Certain plants, insects, crustaceans and fish possess the uncanny ability to change the sex of their offspring before they are born. Mammals have never before demonstrated this genetic skill, until now.
A new study published in EMBO Reports reveals a genetic system in mammals that enables two animals to mate and produce only females. A similar system based on identical principles would produce only males.
"The research provides the world's first proof-of-concept for mammals to genetically produce only female progeny," says the senior author. "We proved the concept in mouse models, but the concept could also be demonstrated in cattle, swine, goats, chickens and other animals.
"The current approach uses sex-sorted cattle semen to control the sex of their offspring," the senior author explains. "Farmers in the dairy and layer-poultry industries obviously prefer female calves and chicks, but to date, there was no accessible genetic way to regulate the sex ratio, which is naturally left around 50-50. We approached this problem in an innovative way, using genetic engineering."
The researchers crossed two types of genetically engineered mice. The maternal mouse encoded a Cas9 protein, a CRISPR-protein that is inactive unless guided by special "guide-RNAs." The paternal mouse encoded these guide-RNAs on the Y-sex chromosome, a sex chromosome present only in males. After fertilization, the guide-RNAs from the paternal sperm and the Cas9 protein from the maternal egg were combined in the male mouse embryos, but not in the female embryos (because the females lack the Y chromosome). The combination of guide-RNAs with Cas9 results in a complex that eliminates the male embryos.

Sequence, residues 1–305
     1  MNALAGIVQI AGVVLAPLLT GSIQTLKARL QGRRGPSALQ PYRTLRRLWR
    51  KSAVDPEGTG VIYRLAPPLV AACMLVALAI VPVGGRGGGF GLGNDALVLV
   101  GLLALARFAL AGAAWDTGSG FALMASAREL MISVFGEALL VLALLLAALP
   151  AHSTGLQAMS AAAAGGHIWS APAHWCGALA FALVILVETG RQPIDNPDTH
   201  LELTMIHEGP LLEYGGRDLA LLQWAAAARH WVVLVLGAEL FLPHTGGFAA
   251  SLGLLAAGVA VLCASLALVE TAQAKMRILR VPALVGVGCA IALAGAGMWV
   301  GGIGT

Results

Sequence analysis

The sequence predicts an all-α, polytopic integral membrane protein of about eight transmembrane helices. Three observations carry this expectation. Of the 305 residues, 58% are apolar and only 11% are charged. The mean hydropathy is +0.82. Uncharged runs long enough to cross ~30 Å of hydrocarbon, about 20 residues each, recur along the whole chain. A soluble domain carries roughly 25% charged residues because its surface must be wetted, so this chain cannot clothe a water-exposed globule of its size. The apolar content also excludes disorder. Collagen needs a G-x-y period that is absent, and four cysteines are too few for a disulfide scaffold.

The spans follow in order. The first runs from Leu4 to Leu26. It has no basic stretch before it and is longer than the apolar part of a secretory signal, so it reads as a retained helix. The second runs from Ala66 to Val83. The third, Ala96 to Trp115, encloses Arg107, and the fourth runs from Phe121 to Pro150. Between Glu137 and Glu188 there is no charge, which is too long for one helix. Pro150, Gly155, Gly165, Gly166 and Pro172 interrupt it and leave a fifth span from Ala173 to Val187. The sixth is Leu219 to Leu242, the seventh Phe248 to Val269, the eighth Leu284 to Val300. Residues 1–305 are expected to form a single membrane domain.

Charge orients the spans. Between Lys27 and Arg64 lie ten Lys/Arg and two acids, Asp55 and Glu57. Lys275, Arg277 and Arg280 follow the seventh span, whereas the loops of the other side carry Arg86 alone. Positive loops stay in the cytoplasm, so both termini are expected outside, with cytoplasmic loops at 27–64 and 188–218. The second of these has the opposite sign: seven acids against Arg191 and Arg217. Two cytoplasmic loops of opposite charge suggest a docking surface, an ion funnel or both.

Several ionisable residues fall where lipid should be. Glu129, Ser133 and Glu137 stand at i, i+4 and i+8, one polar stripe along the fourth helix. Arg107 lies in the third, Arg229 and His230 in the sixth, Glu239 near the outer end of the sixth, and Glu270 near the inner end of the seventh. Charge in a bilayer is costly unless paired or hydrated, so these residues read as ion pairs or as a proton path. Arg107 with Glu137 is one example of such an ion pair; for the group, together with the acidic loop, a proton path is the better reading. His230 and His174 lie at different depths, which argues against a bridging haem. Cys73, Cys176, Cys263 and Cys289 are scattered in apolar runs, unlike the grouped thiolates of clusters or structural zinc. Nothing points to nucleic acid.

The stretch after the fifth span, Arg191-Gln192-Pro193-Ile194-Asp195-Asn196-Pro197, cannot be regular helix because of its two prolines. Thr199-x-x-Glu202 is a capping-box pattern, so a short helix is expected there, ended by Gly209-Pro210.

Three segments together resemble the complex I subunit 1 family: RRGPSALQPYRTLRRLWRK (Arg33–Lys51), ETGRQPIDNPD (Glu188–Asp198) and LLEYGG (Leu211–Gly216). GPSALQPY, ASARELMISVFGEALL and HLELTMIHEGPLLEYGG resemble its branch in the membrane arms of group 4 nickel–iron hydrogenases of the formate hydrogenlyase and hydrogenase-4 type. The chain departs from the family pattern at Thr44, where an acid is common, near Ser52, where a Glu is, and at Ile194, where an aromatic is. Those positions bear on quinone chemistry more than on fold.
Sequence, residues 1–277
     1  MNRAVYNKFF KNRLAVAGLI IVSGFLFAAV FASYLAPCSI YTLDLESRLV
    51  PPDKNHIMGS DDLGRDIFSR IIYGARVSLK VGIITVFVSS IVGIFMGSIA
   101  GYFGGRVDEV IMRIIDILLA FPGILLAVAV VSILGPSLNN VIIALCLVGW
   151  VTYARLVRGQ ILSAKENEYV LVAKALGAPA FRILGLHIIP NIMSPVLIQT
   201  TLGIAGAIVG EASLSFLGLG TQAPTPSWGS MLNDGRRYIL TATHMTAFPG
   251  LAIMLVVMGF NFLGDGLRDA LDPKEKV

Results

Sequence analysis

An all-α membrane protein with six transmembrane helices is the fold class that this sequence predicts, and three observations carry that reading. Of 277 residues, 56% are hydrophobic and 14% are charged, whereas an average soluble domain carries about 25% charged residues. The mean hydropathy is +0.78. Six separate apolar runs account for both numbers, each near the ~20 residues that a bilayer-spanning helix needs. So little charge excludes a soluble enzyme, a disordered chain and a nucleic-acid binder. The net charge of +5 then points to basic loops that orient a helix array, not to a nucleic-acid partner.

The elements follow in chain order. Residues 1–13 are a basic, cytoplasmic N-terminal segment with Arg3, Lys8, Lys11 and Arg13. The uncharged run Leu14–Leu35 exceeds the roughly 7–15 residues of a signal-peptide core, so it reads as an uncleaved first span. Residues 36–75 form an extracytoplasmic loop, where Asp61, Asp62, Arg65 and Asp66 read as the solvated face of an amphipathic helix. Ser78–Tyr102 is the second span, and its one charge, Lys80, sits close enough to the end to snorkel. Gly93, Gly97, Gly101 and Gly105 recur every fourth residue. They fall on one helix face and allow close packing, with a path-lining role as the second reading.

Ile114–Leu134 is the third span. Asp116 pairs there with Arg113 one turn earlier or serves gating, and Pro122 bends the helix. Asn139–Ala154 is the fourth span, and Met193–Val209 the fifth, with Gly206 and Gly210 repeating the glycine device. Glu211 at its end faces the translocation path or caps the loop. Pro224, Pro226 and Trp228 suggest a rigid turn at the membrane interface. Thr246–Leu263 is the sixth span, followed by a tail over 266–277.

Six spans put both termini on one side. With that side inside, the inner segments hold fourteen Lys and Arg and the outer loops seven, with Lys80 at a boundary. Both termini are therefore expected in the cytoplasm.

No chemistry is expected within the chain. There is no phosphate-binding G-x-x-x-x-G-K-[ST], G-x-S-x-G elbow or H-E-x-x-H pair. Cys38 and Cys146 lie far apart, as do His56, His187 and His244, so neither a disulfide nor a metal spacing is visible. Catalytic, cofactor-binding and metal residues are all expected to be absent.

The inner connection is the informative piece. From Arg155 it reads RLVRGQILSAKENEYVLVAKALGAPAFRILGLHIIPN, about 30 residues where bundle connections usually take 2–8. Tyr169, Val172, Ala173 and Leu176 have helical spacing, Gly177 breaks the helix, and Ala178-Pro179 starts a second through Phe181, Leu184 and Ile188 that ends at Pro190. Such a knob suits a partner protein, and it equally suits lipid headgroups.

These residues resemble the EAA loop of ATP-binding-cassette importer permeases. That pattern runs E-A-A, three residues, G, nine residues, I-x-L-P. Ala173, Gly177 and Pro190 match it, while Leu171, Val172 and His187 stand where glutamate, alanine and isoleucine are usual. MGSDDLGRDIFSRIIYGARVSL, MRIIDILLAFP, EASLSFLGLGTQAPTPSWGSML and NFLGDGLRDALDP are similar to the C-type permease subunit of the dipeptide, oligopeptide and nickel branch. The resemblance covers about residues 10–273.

"We showed that Cas9 was specifically activated only in male embryos," says the senior author. "Our results pave the way for a genetic system that allows biased sex production. When two transgenic types of mice encoding Cas9 or Y-chromosome-encoded guide-RNAs are crossed, lethality of males occurs because Cas9 is guided from the Y chromosome to target essential genes. This does not happen in females because the Y chromosome is not transferred to them. This cross thus halts embryonic development of males without affecting the development of females.
"Importantly, the system can also be used to produce only males. Engineering the guide-RNAs on the paternal X-sex chromosome should result in the exclusive elimination of females, resulting in males-only progeny, which are more beneficial in the beef industry."
The research presents a first-of-its-kind approach to determining mammalian sex through genetic means, the senior author says. "We believe that the producers of cattle, swine and chicken may benefit greatly from the technology."
Genetic sex selection in mammals
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